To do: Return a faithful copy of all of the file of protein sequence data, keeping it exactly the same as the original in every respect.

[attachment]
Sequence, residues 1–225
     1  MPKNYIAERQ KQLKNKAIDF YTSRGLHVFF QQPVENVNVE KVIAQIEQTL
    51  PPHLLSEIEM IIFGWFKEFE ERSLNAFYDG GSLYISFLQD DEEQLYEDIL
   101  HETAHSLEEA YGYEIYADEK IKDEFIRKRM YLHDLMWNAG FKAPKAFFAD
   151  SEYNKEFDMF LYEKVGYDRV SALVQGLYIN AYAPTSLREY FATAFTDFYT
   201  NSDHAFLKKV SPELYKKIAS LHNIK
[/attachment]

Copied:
Sequence, residues 1–225
     1  MPKNYIAERQ KQLKNKAIDF YTSRGLHVFF QQPVENVNVE KVIAQIEQTL
    51  PPHLLSEIEM IIFGWFKEFE ERSLNAFYDG GSLYISFLQD DEEQLYEDIL
   101  HETAHSLEEA YGYEIYADEK IKDEFIRKRM YLHDLMWNAG FKAPKAFFAD
   151  SEYNKEFDMF LYEKVGYDRV SALVQGLYIN AYAPTSLREY FATAFTDFYT
   201  NSDHAFLKKV SPELYKKIAS LHNIK